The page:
IR35 tax change concept

Taxing problem: extending IR35 is expected to raise £3.1bn in extra revenue for HMRC between 2020 and 2024

Small businesses have called for HMRC to delay its controversial IR35 tax change, which is meant to clampdown on employees passing themselves off as freelancers in order to avoid tax.

The government has already restricted freelancers working full-time in the public sector as contractors, which means they pay less tax than equivalent employees. As employers are the ones who face penalties if they categorise full-time contractors wrongly, it makes hiring sole traders less appealing.

>See also: How to wind up your personal service company ahead of IR35 legislation

Now the Treasury wants to extend its IR35 legislation to the private sector in April 2020.

Mike Cherry, national chairman of the FSB, said: “The self-employed certainly don’t need an IR35 rule change that makes hiring contractors less attractive. We’ve already heard noises from big corporates to indicate that, if this change does take effect in April as planned, they’ll pull the plug on sole traders.

“Common sense dictates that a delay to the April roll-out of these rules is now needed.”

Back in September, chartered accountants also called for the IR35 tax change to be delayed. The Institute of Chartered Accountants in England and Wales (ICAEW) said the date should be pushed back to April 6 2020 to give everyone time to prepare.

>See also: How UK businesses should cope with incoming IR35 rules

Accountant Daniel Fellows of specialist self-employed accountancy firm Gorilla Accounting said: “The government should be nurturing the self-employed sector in the UK, which contributed £275bn to the economy last year. However, the proposed changes to IR35 have been paralysing to freelancers, contractors and locums up and down the country.”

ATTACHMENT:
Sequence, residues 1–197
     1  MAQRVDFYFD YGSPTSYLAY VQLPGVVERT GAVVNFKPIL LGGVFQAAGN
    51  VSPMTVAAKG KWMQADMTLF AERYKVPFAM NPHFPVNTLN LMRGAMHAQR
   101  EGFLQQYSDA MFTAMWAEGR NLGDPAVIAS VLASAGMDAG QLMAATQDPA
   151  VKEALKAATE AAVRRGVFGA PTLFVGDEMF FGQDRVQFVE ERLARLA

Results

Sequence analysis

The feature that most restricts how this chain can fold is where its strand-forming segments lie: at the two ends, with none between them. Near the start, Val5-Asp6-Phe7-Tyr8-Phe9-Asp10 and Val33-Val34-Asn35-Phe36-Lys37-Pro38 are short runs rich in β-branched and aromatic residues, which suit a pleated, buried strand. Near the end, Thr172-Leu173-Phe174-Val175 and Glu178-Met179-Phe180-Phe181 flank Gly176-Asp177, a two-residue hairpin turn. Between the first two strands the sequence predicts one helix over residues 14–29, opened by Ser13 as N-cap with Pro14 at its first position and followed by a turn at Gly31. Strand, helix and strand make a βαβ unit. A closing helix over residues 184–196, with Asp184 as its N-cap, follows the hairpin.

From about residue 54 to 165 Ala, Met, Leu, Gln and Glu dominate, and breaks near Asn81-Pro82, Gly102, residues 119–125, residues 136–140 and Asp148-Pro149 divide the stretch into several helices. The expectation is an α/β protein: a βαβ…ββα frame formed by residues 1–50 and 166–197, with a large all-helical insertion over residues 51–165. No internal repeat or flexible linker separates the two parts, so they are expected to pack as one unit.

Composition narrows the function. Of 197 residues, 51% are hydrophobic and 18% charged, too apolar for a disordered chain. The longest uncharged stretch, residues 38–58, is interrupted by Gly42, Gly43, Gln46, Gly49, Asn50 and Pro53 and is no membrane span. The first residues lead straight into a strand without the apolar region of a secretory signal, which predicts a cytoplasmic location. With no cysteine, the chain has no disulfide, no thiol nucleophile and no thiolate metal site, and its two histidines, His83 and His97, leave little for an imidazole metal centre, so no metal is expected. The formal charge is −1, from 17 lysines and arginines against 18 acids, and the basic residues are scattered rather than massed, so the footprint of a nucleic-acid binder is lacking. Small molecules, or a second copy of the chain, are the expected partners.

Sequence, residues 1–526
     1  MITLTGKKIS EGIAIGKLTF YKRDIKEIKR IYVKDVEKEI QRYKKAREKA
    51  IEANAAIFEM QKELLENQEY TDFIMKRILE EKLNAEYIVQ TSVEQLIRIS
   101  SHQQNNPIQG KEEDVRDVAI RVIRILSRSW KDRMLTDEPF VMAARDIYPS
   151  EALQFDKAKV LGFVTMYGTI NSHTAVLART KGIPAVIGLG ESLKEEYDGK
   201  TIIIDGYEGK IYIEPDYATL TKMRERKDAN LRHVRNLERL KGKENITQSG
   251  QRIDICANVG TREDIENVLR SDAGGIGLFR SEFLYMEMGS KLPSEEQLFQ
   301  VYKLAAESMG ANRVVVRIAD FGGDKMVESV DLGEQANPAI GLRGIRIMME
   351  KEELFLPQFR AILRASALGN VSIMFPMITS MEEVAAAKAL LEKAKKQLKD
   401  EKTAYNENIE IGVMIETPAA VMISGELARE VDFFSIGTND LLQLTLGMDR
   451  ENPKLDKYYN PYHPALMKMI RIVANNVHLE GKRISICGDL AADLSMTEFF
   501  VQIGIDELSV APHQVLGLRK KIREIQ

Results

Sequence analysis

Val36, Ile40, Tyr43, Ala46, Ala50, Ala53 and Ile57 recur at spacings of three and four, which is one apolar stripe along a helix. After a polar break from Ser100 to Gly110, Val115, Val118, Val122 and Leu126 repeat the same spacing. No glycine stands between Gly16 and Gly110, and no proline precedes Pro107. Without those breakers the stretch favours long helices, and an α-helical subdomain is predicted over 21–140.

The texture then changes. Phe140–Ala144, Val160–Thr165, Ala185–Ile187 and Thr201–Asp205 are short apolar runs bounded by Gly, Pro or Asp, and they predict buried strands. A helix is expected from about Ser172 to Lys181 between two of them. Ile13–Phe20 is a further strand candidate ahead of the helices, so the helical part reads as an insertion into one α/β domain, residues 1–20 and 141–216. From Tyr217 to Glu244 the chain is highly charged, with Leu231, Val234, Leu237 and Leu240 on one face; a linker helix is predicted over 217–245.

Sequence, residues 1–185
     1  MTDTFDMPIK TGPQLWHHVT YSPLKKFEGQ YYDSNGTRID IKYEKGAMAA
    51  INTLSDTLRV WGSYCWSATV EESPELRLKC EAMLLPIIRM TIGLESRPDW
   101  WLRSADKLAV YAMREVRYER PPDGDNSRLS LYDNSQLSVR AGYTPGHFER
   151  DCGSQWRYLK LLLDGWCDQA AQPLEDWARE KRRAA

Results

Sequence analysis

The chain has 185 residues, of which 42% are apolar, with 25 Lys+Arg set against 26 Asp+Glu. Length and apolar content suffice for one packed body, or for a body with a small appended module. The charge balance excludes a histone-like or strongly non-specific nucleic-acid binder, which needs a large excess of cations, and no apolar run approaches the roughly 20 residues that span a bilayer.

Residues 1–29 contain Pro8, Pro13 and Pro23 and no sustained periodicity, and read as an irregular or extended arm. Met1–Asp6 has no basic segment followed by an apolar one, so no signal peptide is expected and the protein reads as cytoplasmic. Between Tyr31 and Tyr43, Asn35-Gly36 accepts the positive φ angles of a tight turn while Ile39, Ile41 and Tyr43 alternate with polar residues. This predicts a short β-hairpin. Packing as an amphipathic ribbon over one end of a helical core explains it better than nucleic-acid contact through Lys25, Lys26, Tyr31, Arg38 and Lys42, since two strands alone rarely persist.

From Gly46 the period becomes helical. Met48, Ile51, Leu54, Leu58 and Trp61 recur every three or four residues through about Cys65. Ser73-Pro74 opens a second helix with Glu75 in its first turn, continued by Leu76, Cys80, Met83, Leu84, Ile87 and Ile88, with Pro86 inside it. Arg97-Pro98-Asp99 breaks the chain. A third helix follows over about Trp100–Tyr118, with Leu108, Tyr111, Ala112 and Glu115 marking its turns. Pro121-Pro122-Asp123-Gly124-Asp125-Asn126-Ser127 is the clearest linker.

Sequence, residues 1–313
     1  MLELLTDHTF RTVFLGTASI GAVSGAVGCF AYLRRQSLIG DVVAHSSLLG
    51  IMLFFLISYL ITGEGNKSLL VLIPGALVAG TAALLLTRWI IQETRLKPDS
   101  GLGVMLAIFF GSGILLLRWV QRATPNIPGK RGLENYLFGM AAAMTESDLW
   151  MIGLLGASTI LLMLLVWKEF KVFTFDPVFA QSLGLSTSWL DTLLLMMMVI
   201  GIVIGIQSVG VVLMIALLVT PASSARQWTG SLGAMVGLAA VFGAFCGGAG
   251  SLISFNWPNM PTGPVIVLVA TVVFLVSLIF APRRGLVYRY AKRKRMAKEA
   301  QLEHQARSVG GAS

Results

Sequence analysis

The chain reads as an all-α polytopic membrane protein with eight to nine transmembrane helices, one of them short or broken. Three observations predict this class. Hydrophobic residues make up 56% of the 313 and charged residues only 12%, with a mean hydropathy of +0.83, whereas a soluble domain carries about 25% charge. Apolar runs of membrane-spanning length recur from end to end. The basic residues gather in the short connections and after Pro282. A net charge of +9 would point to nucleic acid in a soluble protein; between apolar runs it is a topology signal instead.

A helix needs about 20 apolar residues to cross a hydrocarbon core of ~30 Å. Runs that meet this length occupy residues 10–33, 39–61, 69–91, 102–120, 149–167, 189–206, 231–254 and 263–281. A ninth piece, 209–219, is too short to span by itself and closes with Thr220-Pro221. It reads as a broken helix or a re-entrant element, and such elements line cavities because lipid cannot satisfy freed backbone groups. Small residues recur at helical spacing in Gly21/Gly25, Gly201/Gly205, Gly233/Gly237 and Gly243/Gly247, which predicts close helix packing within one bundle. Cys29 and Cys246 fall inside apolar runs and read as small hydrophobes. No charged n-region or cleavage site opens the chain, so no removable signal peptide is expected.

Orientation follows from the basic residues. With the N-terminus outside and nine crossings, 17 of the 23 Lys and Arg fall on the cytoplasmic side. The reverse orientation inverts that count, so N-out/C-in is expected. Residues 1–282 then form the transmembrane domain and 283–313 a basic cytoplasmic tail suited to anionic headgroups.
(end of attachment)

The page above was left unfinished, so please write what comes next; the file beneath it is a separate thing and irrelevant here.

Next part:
The so-called IR35 rules are designed to end “disguised employment” – the term for people who present themselves as off-payroll freelancers and who tax authorities believe should be treated as employees. The use of personal service companies allows contractors and companies to reduce their tax and national insurance bills. Extending IR35 is expected to raise £3.1bn in extra revenue for the Exchequer between 2020 and 2024.

Rock bottom confidence

The FSB’s call for the Treasury to delay IR35 comes as confidence among the sole traders continues to bump along the bottom. Optimism among sole traders in the three months to September were in negative territory for the fifth consecutive quarter, according to FSB research.

Four out of 10 sole traders said their income fell between July and September and six in 10 do not expect their trading performance to improve between now and January. Indeed, more than one in 10 are braced for it to deteriorate markedly.

The self-employed find it particularly hard to raise finance and those that can do so face borrowing rates of 6pc or higher compared with a current Bank Rate of 0.75pc.

The FSB surveyed 1,274 small business owners and sole traders in September.

Further reading on IR35

Government fails freelancers as it presses for IR35 rules

 

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